David Bowie in particular had associations with almost all of these people at various points, through either producing their records or otherwise collaborating. He was the connector, rock’s greatest dilettante, forever chasing the next edge, always moving on. More than anyone else, it was Bowie who was the touchstone inspiration for postpunk’s ethos of perpetual change.
Rip It Up and Start Again: Postpunk 1978-1984
Until I read that, I had never thought of Bowie as a sort of pop/rock Erik Satie, but it’s not a bad comparison. Bowie/Satie was the inspiration for a generation of younger musicians looking to move past what they saw as the dead end of Romanticism/Wagnerianism/punk nihilism/American rockism. A nice historical analogy to fill out your collection.
Except for that word dilettante, that is. I’ve heard Satie called both an opportunist and a purposefully willful eccentric, but never a dilettante—to use the conventional terminology, Satie found his voice and stuck to it, no matter what musical or literary movement he was associating with. He avoided the D-word on account of his stylistic consistency.
Bowie, on the other hand—I don’t think Reynolds is using the term in a perjorative way here, but it certainly was a criticism against Bowie throughout his career. When I first became a fan (the early 80s, around the time of Let’s Dance), it was the fourth or fifth new Bowie of the past ten years, a tally that would easily double if you went all the way back to “Space Oddity.” For me, his ability to sense each shift in the pop-culture wind—stadium rock, blue-eyed soul, electronica, pop nostalgia—and come up with a record that both encapsulated and commented on it was uncanny, intriguing, and not a little bit witty. For a lot of people, though, it felt like a con, that if you stripped away all the adopted stylistic layers, there was nothing at the core.
Etymology-as-argument has its pitfalls, but in the case of dilettante, it makes an interesting point. The word entered the language from Italian (“delighting in”) in the early 18th century, largely as a compliment (much like the original use of the word amateur). The negative use doesn’t come about until the 19th century—in other words, on the heels of Romanticism. The Romantic idea that artistic expression that broke with established traditions or models was still valid if it was an honest reflection of the creator’s soul was, perhaps inevitably, flipped around—art that played around with traditions or imitative models was perceived as somehow less honest and valid.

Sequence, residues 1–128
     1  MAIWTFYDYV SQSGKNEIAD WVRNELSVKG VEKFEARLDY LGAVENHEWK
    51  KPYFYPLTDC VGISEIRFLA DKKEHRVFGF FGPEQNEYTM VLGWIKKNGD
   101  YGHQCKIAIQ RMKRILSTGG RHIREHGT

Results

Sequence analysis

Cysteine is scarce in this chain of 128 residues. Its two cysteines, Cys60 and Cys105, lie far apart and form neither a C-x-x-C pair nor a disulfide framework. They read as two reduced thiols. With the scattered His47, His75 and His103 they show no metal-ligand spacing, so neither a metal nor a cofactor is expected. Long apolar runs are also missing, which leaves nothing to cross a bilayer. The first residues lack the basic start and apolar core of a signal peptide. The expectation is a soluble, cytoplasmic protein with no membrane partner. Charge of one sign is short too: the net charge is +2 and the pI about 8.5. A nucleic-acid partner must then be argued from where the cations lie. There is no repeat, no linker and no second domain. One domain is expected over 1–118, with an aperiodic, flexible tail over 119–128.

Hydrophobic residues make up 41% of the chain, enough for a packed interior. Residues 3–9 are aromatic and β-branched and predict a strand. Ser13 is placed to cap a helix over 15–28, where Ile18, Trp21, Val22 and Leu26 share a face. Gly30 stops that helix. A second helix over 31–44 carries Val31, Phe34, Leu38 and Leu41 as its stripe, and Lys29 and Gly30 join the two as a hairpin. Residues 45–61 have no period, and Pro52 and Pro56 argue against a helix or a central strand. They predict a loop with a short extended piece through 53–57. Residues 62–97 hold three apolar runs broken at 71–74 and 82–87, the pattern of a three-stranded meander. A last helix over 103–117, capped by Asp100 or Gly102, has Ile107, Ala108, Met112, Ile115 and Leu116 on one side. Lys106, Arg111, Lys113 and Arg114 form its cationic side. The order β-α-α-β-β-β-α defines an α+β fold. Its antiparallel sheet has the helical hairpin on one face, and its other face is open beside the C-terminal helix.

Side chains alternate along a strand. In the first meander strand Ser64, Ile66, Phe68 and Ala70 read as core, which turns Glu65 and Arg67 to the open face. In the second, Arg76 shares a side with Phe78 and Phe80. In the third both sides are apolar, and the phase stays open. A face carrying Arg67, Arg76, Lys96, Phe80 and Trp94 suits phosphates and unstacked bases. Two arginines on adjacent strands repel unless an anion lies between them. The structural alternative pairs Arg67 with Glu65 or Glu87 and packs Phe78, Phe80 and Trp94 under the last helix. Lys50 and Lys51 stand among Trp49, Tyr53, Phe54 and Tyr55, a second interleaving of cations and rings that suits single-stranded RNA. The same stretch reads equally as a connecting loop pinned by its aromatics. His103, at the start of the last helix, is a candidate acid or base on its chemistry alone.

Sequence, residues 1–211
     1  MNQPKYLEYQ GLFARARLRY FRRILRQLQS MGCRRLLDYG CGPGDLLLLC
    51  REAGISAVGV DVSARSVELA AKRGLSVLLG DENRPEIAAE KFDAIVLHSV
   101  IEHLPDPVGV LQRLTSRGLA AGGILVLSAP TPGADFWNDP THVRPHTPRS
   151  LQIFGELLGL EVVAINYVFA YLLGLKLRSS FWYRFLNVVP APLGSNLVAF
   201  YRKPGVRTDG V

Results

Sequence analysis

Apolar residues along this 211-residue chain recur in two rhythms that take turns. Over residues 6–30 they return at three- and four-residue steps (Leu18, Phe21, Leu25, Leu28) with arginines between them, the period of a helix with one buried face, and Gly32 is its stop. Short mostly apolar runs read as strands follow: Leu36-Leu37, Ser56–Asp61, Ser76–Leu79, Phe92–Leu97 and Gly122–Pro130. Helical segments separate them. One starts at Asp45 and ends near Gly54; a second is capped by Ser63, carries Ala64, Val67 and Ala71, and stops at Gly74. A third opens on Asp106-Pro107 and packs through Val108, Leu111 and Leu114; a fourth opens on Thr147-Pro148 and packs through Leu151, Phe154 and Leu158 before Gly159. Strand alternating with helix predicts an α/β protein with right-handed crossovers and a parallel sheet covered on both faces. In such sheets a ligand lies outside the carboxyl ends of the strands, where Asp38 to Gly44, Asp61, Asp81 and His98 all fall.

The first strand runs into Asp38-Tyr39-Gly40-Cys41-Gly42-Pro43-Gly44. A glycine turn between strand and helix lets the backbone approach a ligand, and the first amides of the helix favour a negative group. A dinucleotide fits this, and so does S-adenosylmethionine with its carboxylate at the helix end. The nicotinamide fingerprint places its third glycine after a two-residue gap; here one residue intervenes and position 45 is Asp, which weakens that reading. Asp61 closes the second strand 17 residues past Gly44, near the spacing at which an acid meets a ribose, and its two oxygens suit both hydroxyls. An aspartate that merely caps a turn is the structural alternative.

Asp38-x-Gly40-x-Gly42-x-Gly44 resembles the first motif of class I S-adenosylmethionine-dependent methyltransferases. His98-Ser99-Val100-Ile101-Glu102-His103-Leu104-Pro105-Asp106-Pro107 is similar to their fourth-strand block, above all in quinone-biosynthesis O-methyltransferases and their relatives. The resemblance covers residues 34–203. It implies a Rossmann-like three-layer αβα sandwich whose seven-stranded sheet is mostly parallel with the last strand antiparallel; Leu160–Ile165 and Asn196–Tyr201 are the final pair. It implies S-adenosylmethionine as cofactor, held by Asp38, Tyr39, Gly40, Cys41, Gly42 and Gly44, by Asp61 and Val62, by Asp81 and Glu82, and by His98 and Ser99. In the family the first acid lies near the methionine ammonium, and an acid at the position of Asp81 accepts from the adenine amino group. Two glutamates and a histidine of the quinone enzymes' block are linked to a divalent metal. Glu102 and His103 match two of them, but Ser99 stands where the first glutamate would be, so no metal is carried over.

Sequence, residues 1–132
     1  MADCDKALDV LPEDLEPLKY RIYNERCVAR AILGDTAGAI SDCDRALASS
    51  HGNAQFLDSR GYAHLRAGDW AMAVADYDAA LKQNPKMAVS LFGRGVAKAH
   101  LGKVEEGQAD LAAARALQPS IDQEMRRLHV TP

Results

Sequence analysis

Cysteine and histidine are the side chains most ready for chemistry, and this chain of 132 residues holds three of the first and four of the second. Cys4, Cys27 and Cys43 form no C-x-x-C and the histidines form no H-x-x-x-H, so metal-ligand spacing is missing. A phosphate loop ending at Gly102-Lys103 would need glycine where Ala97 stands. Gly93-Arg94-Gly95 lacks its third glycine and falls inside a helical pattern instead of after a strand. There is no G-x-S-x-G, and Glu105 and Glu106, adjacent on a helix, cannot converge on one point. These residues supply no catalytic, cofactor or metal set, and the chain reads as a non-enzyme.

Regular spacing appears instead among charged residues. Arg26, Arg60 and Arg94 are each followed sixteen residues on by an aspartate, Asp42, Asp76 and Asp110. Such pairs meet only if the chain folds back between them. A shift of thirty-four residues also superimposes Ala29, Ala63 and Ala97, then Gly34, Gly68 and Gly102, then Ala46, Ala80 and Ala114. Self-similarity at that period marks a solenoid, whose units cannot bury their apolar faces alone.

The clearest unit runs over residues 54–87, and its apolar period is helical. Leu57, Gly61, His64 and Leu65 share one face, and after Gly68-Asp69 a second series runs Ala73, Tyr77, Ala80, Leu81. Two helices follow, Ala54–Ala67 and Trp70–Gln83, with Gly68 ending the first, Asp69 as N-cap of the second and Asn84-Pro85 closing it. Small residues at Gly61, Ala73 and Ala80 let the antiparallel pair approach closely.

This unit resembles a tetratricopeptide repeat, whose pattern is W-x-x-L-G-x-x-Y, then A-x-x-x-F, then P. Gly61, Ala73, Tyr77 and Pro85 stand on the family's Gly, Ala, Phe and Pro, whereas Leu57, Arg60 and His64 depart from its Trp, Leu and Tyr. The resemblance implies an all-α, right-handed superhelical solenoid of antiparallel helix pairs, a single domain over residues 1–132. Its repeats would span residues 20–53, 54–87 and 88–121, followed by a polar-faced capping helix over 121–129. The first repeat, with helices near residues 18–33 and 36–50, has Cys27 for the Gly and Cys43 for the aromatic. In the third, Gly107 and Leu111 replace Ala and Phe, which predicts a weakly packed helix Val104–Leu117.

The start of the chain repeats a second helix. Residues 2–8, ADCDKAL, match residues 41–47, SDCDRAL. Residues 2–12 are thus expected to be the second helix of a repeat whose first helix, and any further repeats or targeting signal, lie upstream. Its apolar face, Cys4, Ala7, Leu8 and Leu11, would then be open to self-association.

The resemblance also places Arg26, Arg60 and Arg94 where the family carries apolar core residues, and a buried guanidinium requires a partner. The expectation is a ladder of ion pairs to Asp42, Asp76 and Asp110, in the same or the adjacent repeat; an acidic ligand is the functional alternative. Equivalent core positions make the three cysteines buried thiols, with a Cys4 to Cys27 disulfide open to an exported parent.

I studied composition with possibly the most Bowie-esque of modern composers, Lukas Foss (who just turned 85, by the way—happy birthday!). Foss could also adopt each new vocabulary—open-prairie Americana, serialism, aleatoricism, minimalism—with deceptive ease, but I always felt that the bandwagoneer potshots rather missed the point. Each new style was, for Foss, an opportunity to demonstrate that the novelty was only on the surface, to show how each innovation fit into the great tradition of Western music, the universal artistic goals shared over the centuries. It’s something that reaches back to his heroes, Bach and Mozart, the paragons of pre-Romantic composition, both of whom saw part of their job as being attuned to every next big thing.
We like to think that the era of stylistic battles is over, but the idea of different styles as a compositional resource in and of itself, rather than the end result of an artistic concept, still strikes a lot of people as too shallow, too meta-whatever, too clever by half. (Not just in music, either—take, for example, James Wood, the New Yorker‘s new book reviewer, whose career has been in large part marked by the conviction that stylistic promiscuity almost inevitably interferes with artistic expression.) Even I have my limits on post-modern hijinks, but the Bernstein Mass or the funhouse of Sondheim’s Assassins or, more recently, Steven Mackey’s Dreamhouse, to name but three examples, are all works whose power and depth are because of their stylistic variety, not in spite of it. Part of it is the paradoxical nature of the mask, how wearing one can free you up to display more of yourself. But I think part of it is also the implicit recognition of the audience, that adopting a stylistic pose carries with it the expectation of a listener who will recognize it, making the energy flow outward rather than inward. Bowie himself put it this way in “Who Can I Be Now?”, a 1974 rarity:
If it’s all a vast creation
Putting on a face that’s new
Someone has to see, a role for him and me
Someone might as well be you.